"Rev. Will Campbell, 88; civil rights rebel, societal provocateur" by Robert D. McFadden | New York Times, June 05, 2013
NEW YORK — The Rev. Will D. Campbell, a renegade preacher and author who joined the civil rights struggle in the 1950s, quit organized religion, and fought injustice with nonviolent protests and a storyteller’s arsenal of autobiographical tales and fictional histories, died Monday night in Nashville. He was 88....
Followers and friends called Rev. Campbell hilarious, profound, inspiring, and apocalyptic, a bourbon-drinking, guitar-picking, down-home country boy who made moonshine and stomped around his Tennessee cabin in cowboy boots and denim, uttering streams of sacred and profane commentary that found its way into books, articles, lectures, and sermons.
“Brother Will, as he was called by so many of us who knew him, made his own indelible mark as a minister and social activist in service to marginalized people of every race, creed, and calling,” former president Jimmy Carter said.
The son of Mississippi cotton farmers, Rev. Campbell grew up in a backwater of segregated schools, churches, and cracker-barrel country stores where men chewed tobacco and spat bigotry. He was ordained a Baptist minister at 17 and attended three colleges and Yale Divinity School before embarking on an unsatisfying life as a small-town pastor and then chaplain at the University of Mississippi. He left Ole Miss amid death threats over his integrationist views.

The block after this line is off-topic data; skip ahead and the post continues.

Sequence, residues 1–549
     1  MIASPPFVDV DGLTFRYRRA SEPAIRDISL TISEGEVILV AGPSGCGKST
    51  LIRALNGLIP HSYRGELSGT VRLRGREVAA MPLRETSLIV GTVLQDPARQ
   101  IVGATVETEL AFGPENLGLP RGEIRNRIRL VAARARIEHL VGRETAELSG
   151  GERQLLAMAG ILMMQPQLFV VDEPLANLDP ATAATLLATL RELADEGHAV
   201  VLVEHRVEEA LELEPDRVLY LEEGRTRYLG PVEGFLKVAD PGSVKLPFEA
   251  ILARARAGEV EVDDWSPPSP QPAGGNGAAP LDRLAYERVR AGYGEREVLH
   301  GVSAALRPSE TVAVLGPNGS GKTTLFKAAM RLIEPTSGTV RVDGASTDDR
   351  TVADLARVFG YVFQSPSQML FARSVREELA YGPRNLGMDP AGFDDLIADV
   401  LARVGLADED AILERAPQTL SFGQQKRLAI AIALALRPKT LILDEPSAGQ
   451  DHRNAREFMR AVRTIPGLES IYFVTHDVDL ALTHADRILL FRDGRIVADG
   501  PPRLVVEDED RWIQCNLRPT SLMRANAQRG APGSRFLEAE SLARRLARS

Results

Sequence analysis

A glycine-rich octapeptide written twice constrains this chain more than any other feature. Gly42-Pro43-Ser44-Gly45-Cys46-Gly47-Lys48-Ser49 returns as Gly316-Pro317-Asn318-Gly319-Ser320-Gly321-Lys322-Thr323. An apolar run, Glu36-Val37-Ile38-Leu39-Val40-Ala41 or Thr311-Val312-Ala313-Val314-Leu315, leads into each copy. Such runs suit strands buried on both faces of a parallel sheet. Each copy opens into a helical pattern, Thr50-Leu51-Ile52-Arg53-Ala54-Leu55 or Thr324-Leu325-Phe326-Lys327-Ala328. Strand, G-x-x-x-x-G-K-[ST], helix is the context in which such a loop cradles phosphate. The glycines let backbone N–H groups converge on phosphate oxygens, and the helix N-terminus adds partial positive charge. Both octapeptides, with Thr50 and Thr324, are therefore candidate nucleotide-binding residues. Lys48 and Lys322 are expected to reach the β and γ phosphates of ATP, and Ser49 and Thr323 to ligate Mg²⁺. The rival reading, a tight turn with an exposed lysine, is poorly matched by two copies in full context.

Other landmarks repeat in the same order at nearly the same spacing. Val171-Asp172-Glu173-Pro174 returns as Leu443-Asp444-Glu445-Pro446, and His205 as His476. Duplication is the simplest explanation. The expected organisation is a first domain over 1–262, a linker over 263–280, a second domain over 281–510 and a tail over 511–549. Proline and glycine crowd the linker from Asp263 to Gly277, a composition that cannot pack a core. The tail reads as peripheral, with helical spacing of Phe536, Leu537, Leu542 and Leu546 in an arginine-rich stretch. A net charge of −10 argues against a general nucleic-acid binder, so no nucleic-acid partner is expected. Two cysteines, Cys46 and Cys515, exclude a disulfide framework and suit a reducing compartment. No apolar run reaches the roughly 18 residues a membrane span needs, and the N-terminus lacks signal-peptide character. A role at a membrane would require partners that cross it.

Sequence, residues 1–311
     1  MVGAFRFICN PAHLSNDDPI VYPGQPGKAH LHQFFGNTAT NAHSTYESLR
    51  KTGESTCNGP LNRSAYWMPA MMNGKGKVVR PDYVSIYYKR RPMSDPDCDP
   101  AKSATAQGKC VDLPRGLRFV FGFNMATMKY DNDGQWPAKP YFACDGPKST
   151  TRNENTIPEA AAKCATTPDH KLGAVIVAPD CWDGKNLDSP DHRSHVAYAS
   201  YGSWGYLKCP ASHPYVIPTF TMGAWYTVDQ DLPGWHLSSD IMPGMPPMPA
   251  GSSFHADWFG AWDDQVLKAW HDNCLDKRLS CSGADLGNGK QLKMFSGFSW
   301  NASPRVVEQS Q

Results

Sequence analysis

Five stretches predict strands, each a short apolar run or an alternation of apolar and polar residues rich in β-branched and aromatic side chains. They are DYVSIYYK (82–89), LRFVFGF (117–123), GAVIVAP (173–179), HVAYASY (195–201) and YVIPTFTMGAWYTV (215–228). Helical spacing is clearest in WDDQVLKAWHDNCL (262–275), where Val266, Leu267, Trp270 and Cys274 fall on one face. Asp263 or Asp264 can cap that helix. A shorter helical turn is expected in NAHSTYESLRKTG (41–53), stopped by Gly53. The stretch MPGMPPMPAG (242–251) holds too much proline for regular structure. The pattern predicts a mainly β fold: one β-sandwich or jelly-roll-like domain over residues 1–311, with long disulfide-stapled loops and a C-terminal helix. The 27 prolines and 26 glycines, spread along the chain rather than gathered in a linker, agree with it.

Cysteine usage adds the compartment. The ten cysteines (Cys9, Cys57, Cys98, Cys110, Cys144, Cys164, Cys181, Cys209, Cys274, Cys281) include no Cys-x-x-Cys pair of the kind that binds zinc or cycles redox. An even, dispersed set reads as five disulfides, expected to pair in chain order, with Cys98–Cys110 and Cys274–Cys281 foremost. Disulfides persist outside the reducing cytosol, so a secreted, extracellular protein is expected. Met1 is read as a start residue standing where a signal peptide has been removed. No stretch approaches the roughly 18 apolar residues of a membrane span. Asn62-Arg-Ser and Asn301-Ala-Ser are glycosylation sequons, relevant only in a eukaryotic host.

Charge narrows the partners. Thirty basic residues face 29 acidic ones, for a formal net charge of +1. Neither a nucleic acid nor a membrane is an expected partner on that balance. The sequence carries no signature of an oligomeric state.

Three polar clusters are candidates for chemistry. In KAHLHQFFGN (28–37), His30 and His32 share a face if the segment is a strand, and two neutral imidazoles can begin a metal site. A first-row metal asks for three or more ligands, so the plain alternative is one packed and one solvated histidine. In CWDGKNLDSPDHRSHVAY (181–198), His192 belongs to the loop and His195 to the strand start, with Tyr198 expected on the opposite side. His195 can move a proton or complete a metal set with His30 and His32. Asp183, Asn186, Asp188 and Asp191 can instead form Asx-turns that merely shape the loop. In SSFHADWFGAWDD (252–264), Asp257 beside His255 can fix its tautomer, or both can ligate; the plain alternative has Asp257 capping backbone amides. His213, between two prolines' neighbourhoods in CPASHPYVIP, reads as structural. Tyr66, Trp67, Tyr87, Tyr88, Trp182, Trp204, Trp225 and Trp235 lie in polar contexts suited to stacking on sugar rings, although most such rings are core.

As a race-relations troubleshooter for the National Council of Churches from 1956 to 1963, he joined the Rev. Martin Luther King Jr., Rev. Ralph Abernathy, and other civil rights luminaries in historic confrontations across the South.
Rev. Campbell was the only white person invited by King to the founding of the Southern Christian Leadership Conference at Ebenezer Baptist Church in Atlanta in 1957....
Widening his horizons in the 1960s, he protested involvement in the Vietnam War, helped draft resisters find sanctuaries, spoke against capital punishment, and turned against politics, government, and institutions in general for failing to provide solutions to the nation’s social problems.
And look where we are now! The institutions have completely failed.
His belief that Christ died for bigots as well as devout people prompted his contacts with the Ku Klux Klan, and he visited James Earl Ray in prison after the 1968 assassination of King. He was widely criticized for both actions.
In later years, Rev. Campbell campaigned for equal rights for women, gays, and lesbians and turned increasingly to writing....
In 2000, Rev. Campbell received the National Endowment for the Humanities medal from President Clinton and was profiled in a PBS documentary, “God’s Will,” narrated by Ossie Davis....
I'm not crazy about those last two; however, they don't spoil a lifetime of work.